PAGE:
"Alastair's speech was hugely appreciated, as was his good humour with guests."
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For ten years Alastair Campbell was Tony Blair's right hand man as communications strategist and chief spokesman, often witnessing history in the making. He remains a key figure on the political stage, with considerable connections on both sides of the Atlantic.
As the most influential Government advisor Alastair was no stranger to controversy, working the headlines and occasionally making them. He is one of four credited with creating New Labour, fighting numerous battles in their pursuit of modernisation. He was reviled by parts of the media but still respected for his commitment, creativity, loyalty and work rate.
Since resigning Alastair has published three volumes of his diaries as well as two novels, written features on sport and politics, advised several bodies and stepped up his fundraising efforts for Leukaemia Research (Alastair is chairman of fundraising for the charity). He also accompanied the British and Irish Lions on their tour of New Zealand, without much success.
Alastair's speeches mix experience and wit. He offers a sharply observed insight into what makes strong leaders and throws light on the relationship between government, and the press - including his treatment of the media. On a lighter note, he might also reveal how a stranger behaved towards him, on Hampstead Heath.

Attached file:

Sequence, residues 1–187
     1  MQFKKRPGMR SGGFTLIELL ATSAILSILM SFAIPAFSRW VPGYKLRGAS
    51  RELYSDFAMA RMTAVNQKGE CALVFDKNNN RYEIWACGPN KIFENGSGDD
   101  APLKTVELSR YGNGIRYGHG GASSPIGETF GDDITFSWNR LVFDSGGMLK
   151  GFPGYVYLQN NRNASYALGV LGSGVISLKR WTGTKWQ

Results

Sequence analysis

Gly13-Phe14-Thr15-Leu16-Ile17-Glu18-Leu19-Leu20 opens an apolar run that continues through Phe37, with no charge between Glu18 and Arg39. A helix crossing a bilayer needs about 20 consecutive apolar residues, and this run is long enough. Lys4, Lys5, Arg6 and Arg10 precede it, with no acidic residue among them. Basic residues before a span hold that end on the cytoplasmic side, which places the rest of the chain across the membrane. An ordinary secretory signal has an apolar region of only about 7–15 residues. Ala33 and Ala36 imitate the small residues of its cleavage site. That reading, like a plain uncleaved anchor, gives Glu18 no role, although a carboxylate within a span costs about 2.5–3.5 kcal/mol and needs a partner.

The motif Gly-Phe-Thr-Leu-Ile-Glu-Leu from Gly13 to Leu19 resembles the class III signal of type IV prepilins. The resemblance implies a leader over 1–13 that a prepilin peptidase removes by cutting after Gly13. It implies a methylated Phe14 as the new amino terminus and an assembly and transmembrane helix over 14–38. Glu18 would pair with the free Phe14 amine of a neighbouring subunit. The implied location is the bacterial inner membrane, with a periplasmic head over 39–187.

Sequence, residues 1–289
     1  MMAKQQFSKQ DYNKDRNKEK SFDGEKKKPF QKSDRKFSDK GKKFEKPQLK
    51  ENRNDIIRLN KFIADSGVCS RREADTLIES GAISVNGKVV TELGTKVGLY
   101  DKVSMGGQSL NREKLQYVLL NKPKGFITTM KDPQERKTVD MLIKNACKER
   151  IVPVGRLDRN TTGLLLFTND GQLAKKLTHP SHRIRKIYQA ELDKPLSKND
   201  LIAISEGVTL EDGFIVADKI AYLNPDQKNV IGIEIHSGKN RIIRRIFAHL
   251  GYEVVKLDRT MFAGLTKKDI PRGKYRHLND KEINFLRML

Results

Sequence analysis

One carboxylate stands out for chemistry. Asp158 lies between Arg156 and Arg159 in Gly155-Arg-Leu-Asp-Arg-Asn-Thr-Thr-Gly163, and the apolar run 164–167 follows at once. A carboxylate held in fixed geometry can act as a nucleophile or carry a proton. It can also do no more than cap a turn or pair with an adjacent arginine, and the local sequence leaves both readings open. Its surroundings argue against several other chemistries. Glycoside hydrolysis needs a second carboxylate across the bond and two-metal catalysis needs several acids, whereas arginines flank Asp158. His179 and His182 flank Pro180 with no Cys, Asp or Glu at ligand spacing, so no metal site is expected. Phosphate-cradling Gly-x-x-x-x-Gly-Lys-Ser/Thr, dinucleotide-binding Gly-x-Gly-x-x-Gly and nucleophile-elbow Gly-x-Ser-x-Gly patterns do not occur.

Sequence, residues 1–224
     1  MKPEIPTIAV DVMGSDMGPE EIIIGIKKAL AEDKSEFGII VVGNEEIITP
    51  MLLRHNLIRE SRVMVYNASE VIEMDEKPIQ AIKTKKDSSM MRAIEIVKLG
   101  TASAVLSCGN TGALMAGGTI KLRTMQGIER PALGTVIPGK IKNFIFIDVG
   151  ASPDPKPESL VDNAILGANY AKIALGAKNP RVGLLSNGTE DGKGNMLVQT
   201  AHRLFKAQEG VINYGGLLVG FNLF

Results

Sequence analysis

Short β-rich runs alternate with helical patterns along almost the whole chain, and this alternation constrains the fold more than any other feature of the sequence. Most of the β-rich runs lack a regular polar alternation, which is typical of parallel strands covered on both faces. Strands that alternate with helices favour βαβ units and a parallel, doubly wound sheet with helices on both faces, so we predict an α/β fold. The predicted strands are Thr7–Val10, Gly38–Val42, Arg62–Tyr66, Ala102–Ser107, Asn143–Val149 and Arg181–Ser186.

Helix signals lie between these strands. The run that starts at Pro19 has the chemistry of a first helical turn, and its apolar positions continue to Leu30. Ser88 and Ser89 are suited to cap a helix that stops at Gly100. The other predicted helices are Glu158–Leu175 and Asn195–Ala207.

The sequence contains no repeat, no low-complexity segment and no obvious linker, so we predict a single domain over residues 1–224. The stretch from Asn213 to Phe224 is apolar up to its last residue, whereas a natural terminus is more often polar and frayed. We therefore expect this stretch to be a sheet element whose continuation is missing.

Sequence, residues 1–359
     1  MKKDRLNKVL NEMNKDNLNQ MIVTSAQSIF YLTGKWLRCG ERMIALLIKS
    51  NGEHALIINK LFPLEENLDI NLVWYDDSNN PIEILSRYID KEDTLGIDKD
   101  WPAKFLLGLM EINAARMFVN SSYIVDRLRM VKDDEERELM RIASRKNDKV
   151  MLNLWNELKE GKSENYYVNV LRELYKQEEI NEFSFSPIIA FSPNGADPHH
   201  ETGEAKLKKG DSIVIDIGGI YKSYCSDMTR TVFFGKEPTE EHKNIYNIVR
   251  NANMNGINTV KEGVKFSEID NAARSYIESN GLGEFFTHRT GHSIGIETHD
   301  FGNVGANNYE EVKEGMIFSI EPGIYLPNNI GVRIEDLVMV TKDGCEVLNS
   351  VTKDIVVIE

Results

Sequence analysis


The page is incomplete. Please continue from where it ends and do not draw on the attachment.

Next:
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Adapting to the pace of change
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AFTER DINNER SPEAKERS
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JLA: What is the main challenge leaders face in the modern world?
AC: The pace of change. Our generation has seen greater change than any generation in the history of humankind. The challenge for leaders and decision makers is to make sense of that change and adapt to it according to their values. It is important to remember that this becomes more, not less, important as change accelerates.
JLA: How do you stay ahead of the competition esp. in difficult times?
AC: Always challenge and disrupt your own assumptions. Test your strategy. Question it. Change and modernise if you need to. Avoid the comfort zone. Think about yourself as your opponents might do. Remember that trust is not just about the past.
JLA: What are the most important lessons you learned from crisis management in government? What can a business in trouble learn from it?
AC: Don't accept you are in a crisis just because everyone says you are. In my ten years with Tony Blair, I think we had six genuine crises but hundreds of situations described as such. Once you are in a crisis, set clear objectives, devise strategy from the centre, and pursue it with real aggression. Remember at all times that however bad it is, it will end.
JLA: Is the media too powerful?
AC: I don't believe the media is as powerful as is commonly assumed. Politicians and other decision-makers have the power to make major decisions that affect everyone's lives. Too many politicians and decision-makers across the board are far too consumed by the media, and far too cowed by it.